When deleting an image from an SD card, only the directory entry to the file is removed but the content still remains on the device. undelete_jpg recognizes that undeleted content and recovers JPG files. The recovered files may be corrupted because cameras write new files into deallocated device space, but undelete_jpg will try its best to output only valid JPG files.
A JPG file is comprised of a list of JPG markers such as SOI (start of image), SOS (start of scan), EOI (end of image), etc. More about JPG markers here. When possible, undelete_jpg uses mmap() to map the device content into memory, othererwise it uses read(). When reading through the content of the device, undelete_jpg uses memchr(), which is typically optimized with SIMD instructions, to detect SOI markers.
If it can it will use mmap, otherwise it will use read()
undelete_jpg is fast: on a Macbook Pro with a 2.8 GHz Quad-Core Intel Core i7, undelete_jpg goes through a cached file at 10 GB/s. This is actually the memory bandwidth on this machine. The throughput is well over the read speed of typical SD cards (10MB/s up to 500 MB/s).
Run the following in your terminal:
git clone https://github.com/saintmarina/undelete_jpg.git cd undelete_jpg make sudo ./undelete_jpg /dev/block_device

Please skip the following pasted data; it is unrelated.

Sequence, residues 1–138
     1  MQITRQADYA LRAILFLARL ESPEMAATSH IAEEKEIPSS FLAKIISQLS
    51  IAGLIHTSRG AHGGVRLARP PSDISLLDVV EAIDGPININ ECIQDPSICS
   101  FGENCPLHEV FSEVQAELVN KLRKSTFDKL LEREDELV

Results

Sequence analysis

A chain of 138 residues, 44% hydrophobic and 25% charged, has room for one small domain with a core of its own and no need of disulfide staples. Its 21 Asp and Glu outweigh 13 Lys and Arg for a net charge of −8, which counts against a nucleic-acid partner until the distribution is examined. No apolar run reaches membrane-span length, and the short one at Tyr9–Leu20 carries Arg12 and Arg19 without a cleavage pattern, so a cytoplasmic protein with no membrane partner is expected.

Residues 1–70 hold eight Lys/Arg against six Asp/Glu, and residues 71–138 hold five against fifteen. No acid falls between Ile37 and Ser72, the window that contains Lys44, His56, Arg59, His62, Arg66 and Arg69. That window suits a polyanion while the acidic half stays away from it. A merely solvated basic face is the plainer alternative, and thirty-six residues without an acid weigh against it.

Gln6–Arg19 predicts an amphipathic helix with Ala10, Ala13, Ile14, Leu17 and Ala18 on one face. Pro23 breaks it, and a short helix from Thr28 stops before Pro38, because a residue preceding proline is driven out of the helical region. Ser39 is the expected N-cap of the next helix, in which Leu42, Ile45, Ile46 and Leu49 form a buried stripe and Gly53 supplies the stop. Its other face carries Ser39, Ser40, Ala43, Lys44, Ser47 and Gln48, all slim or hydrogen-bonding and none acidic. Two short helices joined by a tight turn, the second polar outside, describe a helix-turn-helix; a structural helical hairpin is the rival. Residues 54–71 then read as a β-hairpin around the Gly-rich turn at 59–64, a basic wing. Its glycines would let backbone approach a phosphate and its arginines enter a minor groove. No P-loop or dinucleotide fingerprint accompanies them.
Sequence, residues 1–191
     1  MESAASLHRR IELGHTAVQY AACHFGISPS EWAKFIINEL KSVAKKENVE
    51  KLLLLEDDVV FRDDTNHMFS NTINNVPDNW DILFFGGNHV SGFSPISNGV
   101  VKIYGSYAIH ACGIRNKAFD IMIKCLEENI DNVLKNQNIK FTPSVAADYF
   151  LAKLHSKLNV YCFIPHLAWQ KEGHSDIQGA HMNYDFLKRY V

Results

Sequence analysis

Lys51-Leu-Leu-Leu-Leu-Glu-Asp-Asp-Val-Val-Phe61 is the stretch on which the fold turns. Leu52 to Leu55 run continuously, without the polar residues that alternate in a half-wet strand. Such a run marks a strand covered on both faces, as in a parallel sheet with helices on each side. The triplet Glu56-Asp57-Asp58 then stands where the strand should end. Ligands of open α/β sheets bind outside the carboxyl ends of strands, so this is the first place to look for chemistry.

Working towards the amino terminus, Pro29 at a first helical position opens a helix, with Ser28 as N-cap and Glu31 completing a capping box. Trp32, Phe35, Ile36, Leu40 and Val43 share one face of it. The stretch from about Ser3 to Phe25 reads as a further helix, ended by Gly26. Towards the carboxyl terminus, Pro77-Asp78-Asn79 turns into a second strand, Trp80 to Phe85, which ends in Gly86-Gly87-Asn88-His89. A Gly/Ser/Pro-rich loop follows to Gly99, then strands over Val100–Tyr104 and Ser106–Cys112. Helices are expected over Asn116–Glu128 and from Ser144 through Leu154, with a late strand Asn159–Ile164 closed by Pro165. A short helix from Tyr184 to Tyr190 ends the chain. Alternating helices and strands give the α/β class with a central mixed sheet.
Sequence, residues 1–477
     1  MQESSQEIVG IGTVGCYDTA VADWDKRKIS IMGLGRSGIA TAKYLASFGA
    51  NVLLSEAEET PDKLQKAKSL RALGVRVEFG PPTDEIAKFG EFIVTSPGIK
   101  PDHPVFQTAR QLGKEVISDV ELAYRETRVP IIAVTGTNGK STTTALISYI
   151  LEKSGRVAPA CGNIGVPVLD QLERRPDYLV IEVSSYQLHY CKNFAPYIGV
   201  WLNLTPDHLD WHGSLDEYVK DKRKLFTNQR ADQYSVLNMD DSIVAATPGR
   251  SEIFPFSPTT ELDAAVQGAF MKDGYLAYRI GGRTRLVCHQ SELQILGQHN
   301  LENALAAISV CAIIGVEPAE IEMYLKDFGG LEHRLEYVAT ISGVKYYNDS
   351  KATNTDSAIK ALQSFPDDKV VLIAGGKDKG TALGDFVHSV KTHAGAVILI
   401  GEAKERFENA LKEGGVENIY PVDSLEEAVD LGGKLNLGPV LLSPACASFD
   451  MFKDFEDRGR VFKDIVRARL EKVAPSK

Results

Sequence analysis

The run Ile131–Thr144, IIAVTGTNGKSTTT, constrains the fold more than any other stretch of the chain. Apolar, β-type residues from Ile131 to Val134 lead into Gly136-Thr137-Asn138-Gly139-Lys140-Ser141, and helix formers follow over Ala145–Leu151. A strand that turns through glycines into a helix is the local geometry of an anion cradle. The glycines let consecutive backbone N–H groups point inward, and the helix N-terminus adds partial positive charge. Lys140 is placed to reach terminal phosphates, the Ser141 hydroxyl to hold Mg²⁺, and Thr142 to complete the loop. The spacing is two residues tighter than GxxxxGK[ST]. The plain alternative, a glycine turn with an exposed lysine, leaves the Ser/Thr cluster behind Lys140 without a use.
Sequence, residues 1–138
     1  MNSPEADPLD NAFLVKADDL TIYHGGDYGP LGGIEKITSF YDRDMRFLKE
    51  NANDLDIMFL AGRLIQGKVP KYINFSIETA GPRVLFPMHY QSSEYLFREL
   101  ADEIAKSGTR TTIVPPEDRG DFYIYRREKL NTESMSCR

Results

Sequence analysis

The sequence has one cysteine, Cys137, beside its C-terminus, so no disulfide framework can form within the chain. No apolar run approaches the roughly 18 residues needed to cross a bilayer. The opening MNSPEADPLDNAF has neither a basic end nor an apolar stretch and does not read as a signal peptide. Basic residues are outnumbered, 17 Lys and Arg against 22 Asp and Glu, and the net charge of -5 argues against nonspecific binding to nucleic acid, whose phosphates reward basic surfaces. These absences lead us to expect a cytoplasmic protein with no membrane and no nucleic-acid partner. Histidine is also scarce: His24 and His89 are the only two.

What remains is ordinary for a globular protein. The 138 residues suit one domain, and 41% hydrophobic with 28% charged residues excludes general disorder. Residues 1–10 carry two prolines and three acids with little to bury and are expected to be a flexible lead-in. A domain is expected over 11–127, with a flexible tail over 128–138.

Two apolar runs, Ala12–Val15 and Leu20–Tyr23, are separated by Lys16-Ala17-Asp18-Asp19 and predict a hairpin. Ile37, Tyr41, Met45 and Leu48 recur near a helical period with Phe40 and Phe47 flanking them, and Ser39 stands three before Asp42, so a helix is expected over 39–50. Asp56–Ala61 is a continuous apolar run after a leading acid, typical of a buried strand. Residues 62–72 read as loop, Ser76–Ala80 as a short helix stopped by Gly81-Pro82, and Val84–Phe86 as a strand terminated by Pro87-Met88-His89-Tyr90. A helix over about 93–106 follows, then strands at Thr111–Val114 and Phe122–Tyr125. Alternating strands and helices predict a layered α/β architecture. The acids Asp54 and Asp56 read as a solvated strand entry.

sudo is required for block device access.Recovered JPG files are written in the current directory.Ways to get device path is platform dependent. Follow section below for more detailed instructions.
How to get device path on macOS
To list all mounted drives and it's partitions on a macOS, run the following:
Find your device's path in the list. As an example, see what the list looks like on my machine.
From the example above the path looks like this:
sudo ./undelete_jpg /dev/rdisk2s1
Add r in the beginning of your device path. r stands for raw.
How to get device path on Linux
To list devices and their partitions on linux, run:
sudo fdisk -l
Find your device in the partition table.
As an example, see what the partition table looks like on my machine.
Example of running the program on linux:
sudo ./undelete_jpg /dev/sdb1
PhotoRec is another opensource battle tested tool to recover all kinds of files, including JPGs.
This project is licensed under the MIT License.